Also, in the GGMA 2000 Forecast Issue was the following paragraph:
“As we look out to the next decade – the “Roaring Twenties” of the 21st Century – I try to identify wherein lies the greatest risk to not only global growth but also global STABILITY. The four-letter answer is the same one I used all throughout 2019 – DEBT. Now, unsubordinated debt is risky, but uncollateralized debt is a nightmare, and all around the world, governments have issued some US$17 trillion of negative-yielding debt (as of August 31), and while that figure will be soon revised downward, all of this debt is riding atop the crest of a fiat wave that is about to break upon a rigid reef of reality.
The only point of debate is “when” because there is no basis whatsoever for the question of “if”. Debt to GDP levels around the world are soaring with little sign of abatement, and since the only collateral behind that debt is the “full faith and confidence of government” (to tax its citizens and repay the debt), I submit that investors around the world are going to demand security before they shell out hard-earned savings, and if you step past tax receipts, you go to “Crown Land” (Canada) or Federal Lands (U.S.), but since that still evokes incendiary responses from the electorate, the only other collateral left is sovereign holdings of one other form of collateral, and that collateral is none other than gold.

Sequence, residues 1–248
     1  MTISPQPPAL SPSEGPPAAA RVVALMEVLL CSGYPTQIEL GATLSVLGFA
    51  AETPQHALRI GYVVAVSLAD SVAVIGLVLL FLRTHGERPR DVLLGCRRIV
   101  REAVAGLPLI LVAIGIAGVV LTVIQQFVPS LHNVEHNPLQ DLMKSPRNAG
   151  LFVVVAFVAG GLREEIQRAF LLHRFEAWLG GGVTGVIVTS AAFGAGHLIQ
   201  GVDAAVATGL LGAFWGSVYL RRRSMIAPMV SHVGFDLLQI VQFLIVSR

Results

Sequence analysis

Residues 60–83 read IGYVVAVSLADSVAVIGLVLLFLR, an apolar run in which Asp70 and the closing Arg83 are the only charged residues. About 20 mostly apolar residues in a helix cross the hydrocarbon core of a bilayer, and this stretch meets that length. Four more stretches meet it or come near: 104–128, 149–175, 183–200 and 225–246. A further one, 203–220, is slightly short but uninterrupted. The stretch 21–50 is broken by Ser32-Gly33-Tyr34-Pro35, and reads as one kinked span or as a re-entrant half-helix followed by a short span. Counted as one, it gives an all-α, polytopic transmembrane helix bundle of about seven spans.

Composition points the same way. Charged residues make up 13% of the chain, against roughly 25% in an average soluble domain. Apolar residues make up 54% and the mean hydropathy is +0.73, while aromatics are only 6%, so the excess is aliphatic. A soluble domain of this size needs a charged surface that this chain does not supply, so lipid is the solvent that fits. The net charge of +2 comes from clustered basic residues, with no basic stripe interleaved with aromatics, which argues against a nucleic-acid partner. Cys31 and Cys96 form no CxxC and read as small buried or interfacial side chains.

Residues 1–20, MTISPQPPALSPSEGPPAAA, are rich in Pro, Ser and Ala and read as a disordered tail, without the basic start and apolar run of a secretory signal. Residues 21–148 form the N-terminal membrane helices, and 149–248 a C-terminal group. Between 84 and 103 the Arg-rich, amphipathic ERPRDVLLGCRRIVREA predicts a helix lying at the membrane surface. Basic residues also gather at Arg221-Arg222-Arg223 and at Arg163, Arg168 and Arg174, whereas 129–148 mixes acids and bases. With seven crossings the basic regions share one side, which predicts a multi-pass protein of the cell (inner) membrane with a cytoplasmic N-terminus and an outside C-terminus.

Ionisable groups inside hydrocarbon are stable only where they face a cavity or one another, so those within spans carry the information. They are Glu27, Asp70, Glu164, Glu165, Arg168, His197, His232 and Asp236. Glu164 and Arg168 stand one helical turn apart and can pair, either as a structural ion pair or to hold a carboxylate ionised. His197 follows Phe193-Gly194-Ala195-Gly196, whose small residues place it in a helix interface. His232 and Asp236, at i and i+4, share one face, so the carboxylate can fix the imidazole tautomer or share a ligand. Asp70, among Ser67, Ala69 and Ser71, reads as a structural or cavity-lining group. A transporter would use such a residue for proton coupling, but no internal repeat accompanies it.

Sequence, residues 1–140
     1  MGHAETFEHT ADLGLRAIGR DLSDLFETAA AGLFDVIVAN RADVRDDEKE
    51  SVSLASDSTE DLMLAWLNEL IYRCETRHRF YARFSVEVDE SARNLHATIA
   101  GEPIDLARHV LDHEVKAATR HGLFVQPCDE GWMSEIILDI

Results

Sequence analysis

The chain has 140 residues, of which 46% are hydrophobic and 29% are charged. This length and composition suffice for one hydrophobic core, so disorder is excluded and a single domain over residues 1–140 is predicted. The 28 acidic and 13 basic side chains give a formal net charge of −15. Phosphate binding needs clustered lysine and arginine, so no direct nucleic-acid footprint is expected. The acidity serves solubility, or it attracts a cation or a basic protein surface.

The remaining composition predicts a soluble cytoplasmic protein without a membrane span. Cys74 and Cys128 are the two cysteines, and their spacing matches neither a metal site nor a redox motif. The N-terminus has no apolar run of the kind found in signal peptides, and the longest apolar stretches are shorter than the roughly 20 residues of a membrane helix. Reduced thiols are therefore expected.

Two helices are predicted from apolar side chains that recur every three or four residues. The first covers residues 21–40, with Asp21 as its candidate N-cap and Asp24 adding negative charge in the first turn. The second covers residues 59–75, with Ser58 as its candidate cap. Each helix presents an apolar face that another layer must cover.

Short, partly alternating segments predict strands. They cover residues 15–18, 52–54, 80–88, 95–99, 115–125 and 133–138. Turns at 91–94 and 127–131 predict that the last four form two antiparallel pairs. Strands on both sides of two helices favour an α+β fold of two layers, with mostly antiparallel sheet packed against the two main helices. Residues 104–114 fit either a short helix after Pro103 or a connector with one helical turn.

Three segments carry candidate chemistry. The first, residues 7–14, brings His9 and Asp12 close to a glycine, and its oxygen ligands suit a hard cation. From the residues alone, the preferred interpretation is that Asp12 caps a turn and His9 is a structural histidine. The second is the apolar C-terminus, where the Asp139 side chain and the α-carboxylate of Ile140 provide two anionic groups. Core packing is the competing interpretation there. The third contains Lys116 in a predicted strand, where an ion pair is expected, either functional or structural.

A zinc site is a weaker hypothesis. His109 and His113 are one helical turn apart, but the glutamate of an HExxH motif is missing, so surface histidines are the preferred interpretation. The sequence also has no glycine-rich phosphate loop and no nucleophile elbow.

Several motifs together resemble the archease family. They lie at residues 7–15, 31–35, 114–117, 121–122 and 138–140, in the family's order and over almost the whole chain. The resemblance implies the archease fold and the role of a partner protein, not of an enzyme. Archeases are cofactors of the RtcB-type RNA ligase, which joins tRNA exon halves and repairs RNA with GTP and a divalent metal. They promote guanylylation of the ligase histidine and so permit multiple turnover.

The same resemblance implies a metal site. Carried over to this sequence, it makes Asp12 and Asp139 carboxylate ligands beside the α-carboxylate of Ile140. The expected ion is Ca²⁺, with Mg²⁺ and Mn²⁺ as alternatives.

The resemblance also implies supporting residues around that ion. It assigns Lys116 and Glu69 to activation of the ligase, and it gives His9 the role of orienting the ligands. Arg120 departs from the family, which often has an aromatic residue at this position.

I wrote that paragraph prior to the global economic shutdown that was triggered by a virus that was purported to be the second coming of the bubonic plague, which wiped out an estimated sixty million people (up to 60%) of the European population in the 1400s.